The back room of the Redneck Shop is how you might expect it, disorganized and cluttered, an arms span worth of hooded silk Klan robes hanging from a rack like the wardrobe closet of Casper the unfriendly ghost. And across the table sits the 48-year-old man running for president of these United States with his arms folded and the fluorescent light casting no shadows on the very prominent symbol of, well, let’s hear it straight from him: “This,” he says, patting his armband, “and make sure the people understand this– this is coming back into style again.” He’s talking about the swastika, what he calls the ancient symbol of the white race. There are lots of different symbols the party could use, he says, but it’s those four offset right angles that “seem to do the best trick.” Not that trickery is something Bowles is about because if that were the case he’d be dressed in a white shirt and tie like a “high school principal.” He’d also be ashamed to wear a symbol of an elephant or a jackass, he says, and suggests that nowadays people in America are accepting the swastika.
When Bowles speaks his accent is nondescript and hard to identify. It’s not Southern and almost seems like Midwest vs. Mid-Atlantic. Born in Maryland and having just campaigned through the Great Plains it’s not impossible that his inflection and cadence have been buffed for the most universal appeal.
“When I get out on the street in this uniform and shake hands and I’ve got people blowing their horns and giving thumbs up and salutes and taking my leaflets and handing me money and I’ve got to cram it in my pockets and everything… that’s being accepted,” he says. But has that really happened?
“Yes,” he says. “It happens all the time.”
So a man with a swastika is running for president. For sure it’s not the first time. But why now? And does he really think he’ll have a chance? Already Bowles is set up with a political action committee and receiving donations, he says. He expects to be on the ballot in at least 20 states and the way things are going he thinks it might be possible to hit a number as high as 40. In South Carolina alone he will need 10,000 signatures to get his name on the list, something he says will be “no problem.” “This is a pretty favorable area,” he says. “There’s a lot of support down here.”
The only child
When Bowles was 17 years old and living in Baltimore he went to the public library one day and took out a book on all the political organizations in America. Back then he says it was harder to join up with people than it is now with the Internet and Web sites facilitating the hook up with organizations like the NSM. It was from that book that he obtained the address of the national chapter, mailed them, signed up, and has been a member ever since. Shortly after officially joining the NSM Bowles helped a man named Wolfgang Schrodt vie for a seat on city council in 1975. He ran on the NSM ticket with the young Bowles acting as his treasurer. Schrodt won the primary and according to Bowles went on to enter the general election and received 17 percent of the vote. It was the start of a political career.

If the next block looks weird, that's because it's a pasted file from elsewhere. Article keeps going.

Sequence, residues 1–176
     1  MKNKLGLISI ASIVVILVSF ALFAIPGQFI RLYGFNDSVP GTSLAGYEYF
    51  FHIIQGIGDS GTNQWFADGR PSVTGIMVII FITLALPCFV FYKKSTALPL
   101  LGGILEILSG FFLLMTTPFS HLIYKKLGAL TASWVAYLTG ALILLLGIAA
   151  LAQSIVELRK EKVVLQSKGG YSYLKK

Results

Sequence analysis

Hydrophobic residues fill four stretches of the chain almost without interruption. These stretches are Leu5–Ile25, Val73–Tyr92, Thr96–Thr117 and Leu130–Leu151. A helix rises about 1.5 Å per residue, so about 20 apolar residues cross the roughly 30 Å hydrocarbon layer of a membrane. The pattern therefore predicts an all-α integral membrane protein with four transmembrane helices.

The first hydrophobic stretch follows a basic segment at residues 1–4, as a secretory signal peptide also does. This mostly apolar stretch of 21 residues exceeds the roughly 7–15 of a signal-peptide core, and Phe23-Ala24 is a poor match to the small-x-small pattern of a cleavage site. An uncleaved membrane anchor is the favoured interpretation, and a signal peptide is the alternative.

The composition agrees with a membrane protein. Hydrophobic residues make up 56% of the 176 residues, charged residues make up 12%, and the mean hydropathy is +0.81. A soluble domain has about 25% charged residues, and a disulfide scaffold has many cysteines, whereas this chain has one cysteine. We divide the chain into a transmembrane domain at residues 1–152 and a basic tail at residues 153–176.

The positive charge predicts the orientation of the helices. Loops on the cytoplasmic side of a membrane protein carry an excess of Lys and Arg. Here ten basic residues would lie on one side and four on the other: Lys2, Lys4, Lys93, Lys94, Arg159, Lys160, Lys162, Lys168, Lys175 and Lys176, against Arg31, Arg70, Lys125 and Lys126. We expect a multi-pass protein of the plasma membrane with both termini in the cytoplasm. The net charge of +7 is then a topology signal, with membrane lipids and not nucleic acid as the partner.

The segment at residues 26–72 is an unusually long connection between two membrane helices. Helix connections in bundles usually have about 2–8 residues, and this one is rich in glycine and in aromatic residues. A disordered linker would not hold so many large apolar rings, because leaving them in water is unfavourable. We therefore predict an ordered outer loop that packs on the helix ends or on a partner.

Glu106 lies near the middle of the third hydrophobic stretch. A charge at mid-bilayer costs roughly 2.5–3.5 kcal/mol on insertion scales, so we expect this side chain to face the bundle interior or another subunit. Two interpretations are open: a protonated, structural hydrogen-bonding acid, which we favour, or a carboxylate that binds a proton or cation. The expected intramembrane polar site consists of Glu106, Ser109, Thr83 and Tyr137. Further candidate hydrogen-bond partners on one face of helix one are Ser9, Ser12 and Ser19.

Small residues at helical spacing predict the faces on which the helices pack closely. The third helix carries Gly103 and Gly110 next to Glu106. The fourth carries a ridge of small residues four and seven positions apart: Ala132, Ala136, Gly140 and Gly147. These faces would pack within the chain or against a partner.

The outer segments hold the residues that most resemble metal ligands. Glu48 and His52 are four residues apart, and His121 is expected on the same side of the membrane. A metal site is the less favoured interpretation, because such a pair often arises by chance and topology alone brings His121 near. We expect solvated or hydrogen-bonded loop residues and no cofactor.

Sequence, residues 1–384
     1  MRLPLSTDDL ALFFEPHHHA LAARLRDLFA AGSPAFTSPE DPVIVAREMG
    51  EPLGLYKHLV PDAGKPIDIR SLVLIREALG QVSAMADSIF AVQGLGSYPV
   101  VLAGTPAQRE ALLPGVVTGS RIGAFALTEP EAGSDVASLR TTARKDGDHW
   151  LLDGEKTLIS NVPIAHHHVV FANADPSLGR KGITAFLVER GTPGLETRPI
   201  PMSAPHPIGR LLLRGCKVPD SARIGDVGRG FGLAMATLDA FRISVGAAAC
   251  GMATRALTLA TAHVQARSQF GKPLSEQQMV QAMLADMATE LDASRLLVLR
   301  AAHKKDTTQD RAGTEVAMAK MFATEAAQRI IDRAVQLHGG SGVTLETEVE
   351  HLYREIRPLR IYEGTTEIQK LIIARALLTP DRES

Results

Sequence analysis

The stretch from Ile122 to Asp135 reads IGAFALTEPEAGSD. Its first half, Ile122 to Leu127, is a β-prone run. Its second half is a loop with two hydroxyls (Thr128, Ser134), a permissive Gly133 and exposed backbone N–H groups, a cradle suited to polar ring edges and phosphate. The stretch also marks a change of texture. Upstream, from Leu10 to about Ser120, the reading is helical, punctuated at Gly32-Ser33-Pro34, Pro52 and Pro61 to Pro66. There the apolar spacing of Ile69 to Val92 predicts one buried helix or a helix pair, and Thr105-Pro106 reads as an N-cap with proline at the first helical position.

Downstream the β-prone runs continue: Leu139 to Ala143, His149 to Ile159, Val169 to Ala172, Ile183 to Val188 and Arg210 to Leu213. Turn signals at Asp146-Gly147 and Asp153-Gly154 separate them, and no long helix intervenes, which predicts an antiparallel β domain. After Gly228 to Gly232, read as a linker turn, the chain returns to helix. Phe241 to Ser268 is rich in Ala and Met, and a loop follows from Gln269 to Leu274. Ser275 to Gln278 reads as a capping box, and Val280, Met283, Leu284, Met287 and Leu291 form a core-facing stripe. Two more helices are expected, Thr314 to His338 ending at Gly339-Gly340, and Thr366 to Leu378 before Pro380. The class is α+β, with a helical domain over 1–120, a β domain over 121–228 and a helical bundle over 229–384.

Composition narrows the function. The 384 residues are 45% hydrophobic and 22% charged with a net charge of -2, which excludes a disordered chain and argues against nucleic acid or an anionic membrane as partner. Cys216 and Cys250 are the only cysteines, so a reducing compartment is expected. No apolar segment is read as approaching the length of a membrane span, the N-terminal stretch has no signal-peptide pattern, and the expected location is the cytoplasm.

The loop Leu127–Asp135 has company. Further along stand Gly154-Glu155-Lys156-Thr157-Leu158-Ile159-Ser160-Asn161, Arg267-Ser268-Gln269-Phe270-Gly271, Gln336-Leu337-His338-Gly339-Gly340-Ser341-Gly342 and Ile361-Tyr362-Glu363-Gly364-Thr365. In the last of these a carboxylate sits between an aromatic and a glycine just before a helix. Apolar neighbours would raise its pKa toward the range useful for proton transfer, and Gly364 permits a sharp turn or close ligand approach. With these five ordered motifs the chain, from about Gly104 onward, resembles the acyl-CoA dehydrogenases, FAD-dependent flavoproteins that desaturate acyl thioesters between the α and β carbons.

Growing up, Bowles’ parents were only somewhat supportive of his affiliation with the NSM and when he talks about it now he seems almost dismissive. His father worked at a shipyard, his mother a longtime employee of Western Electric. Though they were both middle class Democrats, Bowles said his mother and father voted for George Wallace. He was an only child who wished he had a brother to wrestle and fight with.
Throughout his 20s, Bowles worked and attended rallies presumably of the National Socialist Movement kind. He politicked some more and said the lifestyle could be like a roller coaster. In the ’70s, for instance, they could put a couple hundred uniformed people in the streets no problem but by the Reagan ’80s life in the NSM bloodstream mellowed out, congealed and went flat line. For four years Bowles spent time in prison (Maryland, 1985-1989) on what he called a “railroad job,” the product of his political activism. Bowles also joined the U.S. Air Force and then became a federal officer with the U.S. Department of Agriculture where he worked in food law enforcement. (He has since retired to run for president.)